The Rangers acquired Fielder this offseason in a blockbuster. They acquired him and cash from the Detroit Tigers in exchange for second baseman Ian Kinsler. Fielder is owed $24 million every season through 2020, with the Tigers paying $6 million of his salary starting in 2016.
Is there a possibility that the Rangers pursue Kendrys Morales, the final remaining top free agent from the 2013 offseason? There is a chance, but he could be looking for a deal like Stephen Drew's, who got paid a prorated $10 million over one year from the Red Sox. The Rangers may not be willing, or cannot afford, to spend that money when they are sitting in fourth in the American League West.
Regardless the case, the Rangers will need to find a replacement, as their first baseman in Prince Fielder will likely not be able to return to the lineup again this year, which is yet another injury that the Rangers have had to swallow this season. It just does not look like it is their year.
One down, Kendrys Morales to go.
Stephen Drew has signed. After holding out the entire offseason for a new contract, the shortstop has agreed to terms with the Boston Red Sox on a one-year, $10.17 million deal, according to Ken Rosenthal of FOX Sports. The deal is a prorated qualifying-offer type deal due to the fact that Drew has missed the first 43 games of the Red Sox season.
Drew has not signed with a team for multiple factors. First, at the end of last season, the Boston Red Sox offered Drew a $14.1 million qualifying offer, which he declined. This meant that any team that signed Drew, besides the Red Sox, would have to give up their top remaining pick. This will not be the case for Drew in 2014, as a player needs to spend the entire season with a club in order to be eligible for a qualifying offer.
Drew's agent, Scott Boras, has been using Drew and free agent Kendrys Morales as leverage to try and get Major League Baseball to tweak the qualifying offer system. Drew's deal with the Red Sox just came together in the past two days, according to reports, so it is real that the shortstop received little interest from any clubs. Having Major League Baseball tweak the qualifying offer system is another issue that needs to be resolved, but it seems that Drew just wanted to get back to playing baseball instead of waiting for a long-term deal.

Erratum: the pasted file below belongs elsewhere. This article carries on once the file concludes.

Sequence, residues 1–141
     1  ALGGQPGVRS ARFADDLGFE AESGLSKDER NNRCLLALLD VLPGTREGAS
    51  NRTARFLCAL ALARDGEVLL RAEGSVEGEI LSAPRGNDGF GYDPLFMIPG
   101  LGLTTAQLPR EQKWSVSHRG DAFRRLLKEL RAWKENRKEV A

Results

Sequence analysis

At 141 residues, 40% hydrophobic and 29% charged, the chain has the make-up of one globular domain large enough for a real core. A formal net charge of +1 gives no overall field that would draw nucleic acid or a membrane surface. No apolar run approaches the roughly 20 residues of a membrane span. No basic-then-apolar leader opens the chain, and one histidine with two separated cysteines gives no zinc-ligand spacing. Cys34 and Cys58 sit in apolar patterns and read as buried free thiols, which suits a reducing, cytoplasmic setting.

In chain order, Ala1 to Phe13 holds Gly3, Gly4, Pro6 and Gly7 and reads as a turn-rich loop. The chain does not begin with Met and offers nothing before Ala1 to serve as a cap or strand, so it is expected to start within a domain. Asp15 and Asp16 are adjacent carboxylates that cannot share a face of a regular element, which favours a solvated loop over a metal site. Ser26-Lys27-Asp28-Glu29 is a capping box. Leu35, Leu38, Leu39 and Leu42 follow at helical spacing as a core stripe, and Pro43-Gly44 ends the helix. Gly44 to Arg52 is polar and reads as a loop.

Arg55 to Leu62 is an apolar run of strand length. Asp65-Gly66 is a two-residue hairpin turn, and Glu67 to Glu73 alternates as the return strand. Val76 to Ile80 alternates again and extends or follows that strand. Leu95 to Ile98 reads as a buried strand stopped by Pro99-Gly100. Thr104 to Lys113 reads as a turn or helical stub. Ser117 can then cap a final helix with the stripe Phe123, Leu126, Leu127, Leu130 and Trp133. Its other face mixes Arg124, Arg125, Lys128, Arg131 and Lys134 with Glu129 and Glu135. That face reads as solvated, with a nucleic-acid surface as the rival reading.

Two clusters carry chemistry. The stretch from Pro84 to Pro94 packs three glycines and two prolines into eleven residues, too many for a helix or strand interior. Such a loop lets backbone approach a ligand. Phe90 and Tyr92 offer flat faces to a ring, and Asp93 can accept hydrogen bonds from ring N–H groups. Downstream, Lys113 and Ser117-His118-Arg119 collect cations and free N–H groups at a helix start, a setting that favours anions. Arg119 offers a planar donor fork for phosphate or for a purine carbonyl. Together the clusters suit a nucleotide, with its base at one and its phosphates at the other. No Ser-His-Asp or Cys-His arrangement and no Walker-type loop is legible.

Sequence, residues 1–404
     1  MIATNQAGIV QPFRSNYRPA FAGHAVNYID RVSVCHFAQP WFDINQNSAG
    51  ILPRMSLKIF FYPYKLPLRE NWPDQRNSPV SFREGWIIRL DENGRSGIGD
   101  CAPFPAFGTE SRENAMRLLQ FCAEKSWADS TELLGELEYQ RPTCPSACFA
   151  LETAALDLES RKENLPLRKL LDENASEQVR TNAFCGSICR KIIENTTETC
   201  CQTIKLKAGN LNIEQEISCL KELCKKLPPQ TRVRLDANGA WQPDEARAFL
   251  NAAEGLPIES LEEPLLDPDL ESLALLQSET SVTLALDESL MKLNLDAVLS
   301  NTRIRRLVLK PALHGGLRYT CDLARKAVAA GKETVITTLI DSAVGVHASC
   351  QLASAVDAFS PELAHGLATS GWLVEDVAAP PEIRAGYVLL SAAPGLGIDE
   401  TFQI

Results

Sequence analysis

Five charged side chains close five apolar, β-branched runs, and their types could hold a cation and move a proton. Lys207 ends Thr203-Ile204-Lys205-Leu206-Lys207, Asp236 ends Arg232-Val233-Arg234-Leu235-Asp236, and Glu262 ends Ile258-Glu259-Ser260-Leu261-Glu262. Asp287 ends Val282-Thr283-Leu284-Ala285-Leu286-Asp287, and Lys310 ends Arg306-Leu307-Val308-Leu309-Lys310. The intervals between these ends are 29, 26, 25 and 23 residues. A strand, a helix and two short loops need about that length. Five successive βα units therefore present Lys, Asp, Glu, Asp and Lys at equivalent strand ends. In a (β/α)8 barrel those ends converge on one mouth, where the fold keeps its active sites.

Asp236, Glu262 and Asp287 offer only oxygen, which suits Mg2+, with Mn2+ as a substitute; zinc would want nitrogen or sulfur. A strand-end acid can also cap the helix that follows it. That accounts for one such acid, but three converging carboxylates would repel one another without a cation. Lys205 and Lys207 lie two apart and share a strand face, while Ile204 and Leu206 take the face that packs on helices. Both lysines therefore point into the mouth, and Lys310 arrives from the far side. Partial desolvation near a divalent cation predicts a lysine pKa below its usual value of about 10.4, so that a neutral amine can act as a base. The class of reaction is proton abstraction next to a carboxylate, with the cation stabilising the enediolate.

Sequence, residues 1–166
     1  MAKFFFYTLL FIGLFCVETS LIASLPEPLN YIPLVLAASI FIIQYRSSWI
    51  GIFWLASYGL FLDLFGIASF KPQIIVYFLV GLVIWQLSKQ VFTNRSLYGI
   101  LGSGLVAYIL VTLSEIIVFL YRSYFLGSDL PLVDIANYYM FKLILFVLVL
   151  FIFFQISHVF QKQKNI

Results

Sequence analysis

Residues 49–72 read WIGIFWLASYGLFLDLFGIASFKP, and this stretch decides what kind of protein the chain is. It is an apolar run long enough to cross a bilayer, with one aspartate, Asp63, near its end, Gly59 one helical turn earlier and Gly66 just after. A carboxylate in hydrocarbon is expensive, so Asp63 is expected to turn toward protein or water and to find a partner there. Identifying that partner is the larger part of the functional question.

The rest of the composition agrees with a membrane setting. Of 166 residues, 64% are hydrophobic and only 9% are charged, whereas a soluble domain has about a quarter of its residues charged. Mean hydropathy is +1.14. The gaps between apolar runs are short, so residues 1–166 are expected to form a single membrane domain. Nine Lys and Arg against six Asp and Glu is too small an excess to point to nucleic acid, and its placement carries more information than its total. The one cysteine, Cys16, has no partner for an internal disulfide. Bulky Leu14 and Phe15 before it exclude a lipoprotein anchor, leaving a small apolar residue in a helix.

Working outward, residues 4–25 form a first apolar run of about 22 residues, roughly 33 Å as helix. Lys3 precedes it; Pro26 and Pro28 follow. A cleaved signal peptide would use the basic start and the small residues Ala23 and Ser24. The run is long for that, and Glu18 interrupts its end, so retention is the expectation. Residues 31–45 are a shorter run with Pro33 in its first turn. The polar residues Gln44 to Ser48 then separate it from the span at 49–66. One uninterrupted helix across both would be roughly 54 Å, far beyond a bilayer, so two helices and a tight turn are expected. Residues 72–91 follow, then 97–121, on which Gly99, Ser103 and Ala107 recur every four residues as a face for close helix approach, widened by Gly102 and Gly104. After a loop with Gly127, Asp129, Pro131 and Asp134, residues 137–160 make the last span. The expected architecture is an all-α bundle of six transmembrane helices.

Drew has signed a Major League deal and will be added to the Red Sox roster, but he will report to the minor leagues in order to get into MLB game shape. He will get 25 at bats in the minors, according to manager John Farrell (via Nick Cafardo on Twitter). He has been participating in simulated games, according to Joel Sherman of the New York Post, but that is far from the competitiveness of the MLB.
The 31-year-old Drew hit a triple-slash line of .253/.333/.433 with 13 home runs and 67 runs batted in (111 OPS+), appearing at the plate 501 times in 124 games, while serving as the Red Sox shortstop. He had signed a one-year, $9.5 million deal with the Red Sox before the season. Over his career, Drew has posted a .264/.329/.435 triple-slash line while averaging 16 home runs and 72 runs batted in a 162-game average over his eight seasons. He will resume his career at shortstop with the Red Sox, meaning that Xander Bogaerts will slide over to third base.
The Red Sox' players are very happy that Drew is back, according to the Boston Globe's Nick Cafardo. The Red Sox are 20-23 so far this season and are currently sitting in third place in the American League East. Drew just might be the spark they need to get on a roll to take back the top spot in the division that has no clear cut team to beat, as all five teams are separated by five games. Maybe Drew will shoot the Red Sox back to the top. They can only hope so.